Showing posts tagged grammar.
x
I am a writer. I create innovative creative and business writing courses. I inspire others to tell their stories. My company's name is Writers Write. My email address is amanda@writerswrite.co.za

Why you need strong verbs when you write →
Strong verbs improve your writing in three ways. They help you:
  1. Reduce adverbs: Choosing strong verbs helps you to be specific. You should replace an adverb and a verb with a strong verb if you can. It will improve your writing. Don’t say: “She held on tightly to the rope.” Do say: “She gripped the rope.” Don’t say: “He looked carefully at the documents.” Do say: “He examined the documents.”

  2. Avoid the passive voice: Choose specific, active verbs whenever you can. Don’t say: ‘He was said to be lying by the teacher.’ Do say: ‘The teacher accused him of lying.’

  3. Eliminate wordiness: Strong verbs help you eliminate wordiness by replacing different forms of the verb ‘to be’. They allow you to stop overusing words like ‘is’, ‘was’, ‘are’, and ‘were’. Don’t say: ‘She was the owner of a chain of restaurants.’ Do say: ‘She owned a chain of restaurants.’

If you reduce wordiness, choose specific verbs, and use the active voice, readers will be able to understand you more easily. This is what you want because the reason we write is to communicate. 
Examples of Strong Verbs
— 6 days ago with 348 notes
#Why you need to use strong verbs when you write  #Writing Advice  #Writing Tips  #Writers Write  #Amanda Patterson  #Writing Courses in South Africa  #grammar 
Commonly confused abbreviations: etc., i.e., e.g. →

The abbreviations: etc., i.e., e.g.

etc. means ‘continuing in the same way’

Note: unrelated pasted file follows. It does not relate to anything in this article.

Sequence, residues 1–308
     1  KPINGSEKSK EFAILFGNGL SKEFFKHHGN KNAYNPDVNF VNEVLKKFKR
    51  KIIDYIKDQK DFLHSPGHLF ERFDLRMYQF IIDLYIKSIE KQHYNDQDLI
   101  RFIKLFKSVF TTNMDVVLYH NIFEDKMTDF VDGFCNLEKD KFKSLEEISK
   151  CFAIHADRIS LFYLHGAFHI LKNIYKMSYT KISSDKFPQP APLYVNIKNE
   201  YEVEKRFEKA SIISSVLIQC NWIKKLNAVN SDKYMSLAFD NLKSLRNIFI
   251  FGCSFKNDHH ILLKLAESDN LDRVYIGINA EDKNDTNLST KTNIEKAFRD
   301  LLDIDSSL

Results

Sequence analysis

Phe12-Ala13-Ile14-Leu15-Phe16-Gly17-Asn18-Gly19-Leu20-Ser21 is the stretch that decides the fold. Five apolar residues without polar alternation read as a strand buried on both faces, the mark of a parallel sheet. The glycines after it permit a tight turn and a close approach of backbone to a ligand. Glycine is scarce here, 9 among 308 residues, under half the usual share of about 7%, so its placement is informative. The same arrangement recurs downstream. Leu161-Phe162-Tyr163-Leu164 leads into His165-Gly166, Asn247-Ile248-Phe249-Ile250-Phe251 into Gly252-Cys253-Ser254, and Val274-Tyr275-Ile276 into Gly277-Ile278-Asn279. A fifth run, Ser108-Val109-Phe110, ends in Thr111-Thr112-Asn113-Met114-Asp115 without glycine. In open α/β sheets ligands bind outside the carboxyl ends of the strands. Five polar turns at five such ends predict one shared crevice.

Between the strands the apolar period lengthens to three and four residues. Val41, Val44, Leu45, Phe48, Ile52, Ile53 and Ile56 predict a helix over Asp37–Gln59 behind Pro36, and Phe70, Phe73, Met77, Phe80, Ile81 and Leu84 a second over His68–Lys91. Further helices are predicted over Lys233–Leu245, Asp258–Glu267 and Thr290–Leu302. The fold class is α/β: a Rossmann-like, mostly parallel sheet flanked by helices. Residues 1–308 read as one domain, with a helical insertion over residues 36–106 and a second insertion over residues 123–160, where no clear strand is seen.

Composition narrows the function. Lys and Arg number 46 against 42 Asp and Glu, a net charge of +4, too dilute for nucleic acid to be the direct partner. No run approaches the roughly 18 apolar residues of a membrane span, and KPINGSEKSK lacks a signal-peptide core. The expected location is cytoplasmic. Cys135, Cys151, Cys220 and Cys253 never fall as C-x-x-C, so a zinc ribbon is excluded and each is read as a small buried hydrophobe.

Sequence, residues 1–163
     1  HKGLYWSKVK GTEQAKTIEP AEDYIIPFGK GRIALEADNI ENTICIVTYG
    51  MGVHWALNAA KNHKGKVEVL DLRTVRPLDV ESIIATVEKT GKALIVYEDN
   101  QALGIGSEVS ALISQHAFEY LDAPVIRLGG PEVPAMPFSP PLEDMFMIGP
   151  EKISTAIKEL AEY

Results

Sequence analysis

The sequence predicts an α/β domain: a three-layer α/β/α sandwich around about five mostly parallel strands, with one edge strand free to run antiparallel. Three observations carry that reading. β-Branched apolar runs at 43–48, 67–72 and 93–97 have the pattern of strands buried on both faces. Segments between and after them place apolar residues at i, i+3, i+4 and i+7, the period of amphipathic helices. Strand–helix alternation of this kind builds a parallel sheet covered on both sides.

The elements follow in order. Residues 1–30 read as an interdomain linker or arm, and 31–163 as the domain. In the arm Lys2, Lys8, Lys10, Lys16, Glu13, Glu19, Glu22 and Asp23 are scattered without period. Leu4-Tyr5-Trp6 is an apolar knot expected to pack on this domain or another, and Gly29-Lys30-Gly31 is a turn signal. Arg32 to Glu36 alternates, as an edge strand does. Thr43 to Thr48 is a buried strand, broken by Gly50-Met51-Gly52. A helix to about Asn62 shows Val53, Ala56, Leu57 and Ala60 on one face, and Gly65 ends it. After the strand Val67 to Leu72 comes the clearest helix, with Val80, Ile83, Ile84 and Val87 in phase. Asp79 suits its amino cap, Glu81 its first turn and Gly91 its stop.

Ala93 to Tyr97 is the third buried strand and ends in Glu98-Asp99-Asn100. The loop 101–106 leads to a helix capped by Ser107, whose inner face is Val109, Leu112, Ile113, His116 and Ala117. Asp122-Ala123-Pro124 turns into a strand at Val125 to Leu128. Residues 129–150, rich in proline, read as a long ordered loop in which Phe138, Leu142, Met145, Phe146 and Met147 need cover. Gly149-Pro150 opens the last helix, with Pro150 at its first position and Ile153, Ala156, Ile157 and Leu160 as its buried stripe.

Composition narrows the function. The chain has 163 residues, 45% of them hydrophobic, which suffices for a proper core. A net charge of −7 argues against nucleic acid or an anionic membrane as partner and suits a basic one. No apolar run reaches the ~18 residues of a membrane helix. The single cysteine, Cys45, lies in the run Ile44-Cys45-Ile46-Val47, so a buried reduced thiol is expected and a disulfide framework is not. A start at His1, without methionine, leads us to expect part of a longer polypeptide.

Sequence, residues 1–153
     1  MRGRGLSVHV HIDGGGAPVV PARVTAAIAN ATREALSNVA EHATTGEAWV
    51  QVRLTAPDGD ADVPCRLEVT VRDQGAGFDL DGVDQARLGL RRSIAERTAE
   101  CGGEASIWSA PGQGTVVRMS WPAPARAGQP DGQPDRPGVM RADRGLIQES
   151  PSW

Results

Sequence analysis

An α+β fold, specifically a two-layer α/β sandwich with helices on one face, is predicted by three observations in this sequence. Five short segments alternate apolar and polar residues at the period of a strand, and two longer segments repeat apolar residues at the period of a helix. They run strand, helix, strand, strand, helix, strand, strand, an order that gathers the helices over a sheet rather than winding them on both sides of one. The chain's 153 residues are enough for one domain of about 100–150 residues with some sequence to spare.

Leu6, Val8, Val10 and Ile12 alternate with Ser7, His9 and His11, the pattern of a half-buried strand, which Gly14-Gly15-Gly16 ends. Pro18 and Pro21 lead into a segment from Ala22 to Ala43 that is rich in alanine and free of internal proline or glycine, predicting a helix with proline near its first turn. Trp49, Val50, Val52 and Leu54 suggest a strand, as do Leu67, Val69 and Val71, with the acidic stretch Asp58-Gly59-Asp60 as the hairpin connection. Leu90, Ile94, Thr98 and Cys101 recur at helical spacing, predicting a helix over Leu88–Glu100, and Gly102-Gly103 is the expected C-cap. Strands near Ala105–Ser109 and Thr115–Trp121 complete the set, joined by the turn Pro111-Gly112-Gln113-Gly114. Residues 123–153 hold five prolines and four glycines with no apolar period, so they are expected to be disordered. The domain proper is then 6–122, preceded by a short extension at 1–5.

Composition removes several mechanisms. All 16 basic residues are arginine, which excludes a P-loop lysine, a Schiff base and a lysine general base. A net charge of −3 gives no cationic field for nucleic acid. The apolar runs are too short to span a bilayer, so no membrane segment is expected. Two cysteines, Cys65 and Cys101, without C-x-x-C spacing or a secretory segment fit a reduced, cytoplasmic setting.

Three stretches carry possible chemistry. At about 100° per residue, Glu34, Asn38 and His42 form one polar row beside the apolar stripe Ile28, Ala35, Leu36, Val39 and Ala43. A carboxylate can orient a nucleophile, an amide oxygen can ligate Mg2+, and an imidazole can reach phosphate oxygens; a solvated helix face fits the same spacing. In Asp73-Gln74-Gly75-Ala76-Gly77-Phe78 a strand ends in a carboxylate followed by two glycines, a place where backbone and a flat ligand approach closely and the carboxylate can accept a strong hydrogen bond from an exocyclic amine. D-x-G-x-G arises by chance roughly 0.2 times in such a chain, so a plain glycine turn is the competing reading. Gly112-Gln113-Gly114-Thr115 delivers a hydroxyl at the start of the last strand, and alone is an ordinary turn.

i.e. means ‘that is’
e.g. means ‘for example’ Writing Tip: Always punctuate these abbreviations within commas. 

Examples: 
  1. Buy carrots, oranges, apples, etc., at this shop. 
  2. We give all clients an early bird discount, i.e., 10%.
  3. The course includes writing basics, e.g., grammar, punctuation, and spelling.
Writing Tip: In good English, use ‘etc.’ as little as possible. It is better to be specific.

From our business writing course, The Plain Language Programme

— 1 week ago with 211 notes
#Commonly confused abbreviations: etc. i.e. e.g.  #grammar  #writing tips  #writers write 

"Weird Al" Yankovic - Word Crimes

(Source: youtube.com)

— 1 month ago with 86 notes
#grammar  #writing humour 
That or Which - Which one should I use? →

That is used for necessary information and has no commas.

A necessary phrase (known as a restrictive clause) uses the word ‘that’ and is not surrounded by commas. If you remove the phrase it changes the original meaning of the sentence.  Example: The novel that Sarah Bell wrote didn’t sell well.

Which is used for unnecessary information and is surrounded by commas.

An unnecessary phrase (known as a non-restrictive clause) uses the word ‘which’ and has commas. If you remove the phrase it does not change the original meaning of the sentence. Example: The Twilight novels, which were for young adults, were adapted for film. 

From The Plain Language Programme by Amanda Patterson

— 7 months ago with 347 notes
#That or Which - Which one should I use?  #Grammar  #Writing tips  #Writers Write  #Amanda Patterson 
Different from or different than or different to? Which one is correct? →

Is there any difference between the expressions different from, different than, and different to? Is one of the three ‘more correct’ than the others?

  1. Different from is by far the most common of the three, in both British and American English.
  2. Different than is mainly used in American English.
  3. Different to is much more common in British English than American English.

Some people criticize different than as incorrect but there’s no real justification for this view. There’s little difference in sense between the three expressions, and all of them are used by respected writers.

Source for Information

— 9 months ago with 16 notes
#Writing Advice  #Grammar  #Writers Write